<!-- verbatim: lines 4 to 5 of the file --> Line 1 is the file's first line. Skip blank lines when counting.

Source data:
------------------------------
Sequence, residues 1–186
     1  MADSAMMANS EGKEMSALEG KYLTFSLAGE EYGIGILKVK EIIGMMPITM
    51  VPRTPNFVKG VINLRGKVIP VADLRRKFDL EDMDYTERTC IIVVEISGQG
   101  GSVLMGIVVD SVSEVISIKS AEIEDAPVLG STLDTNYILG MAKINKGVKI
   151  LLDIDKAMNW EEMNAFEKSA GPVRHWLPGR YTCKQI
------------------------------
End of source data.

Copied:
   101  GSVLMGIVVD SVSEVISIKS AEIEDAPVLG STLDTNYILG MAKINKGVKI
   151  LLDIDKAMNW EEMNAFEKSA GPVRHWLPGR YTCKQI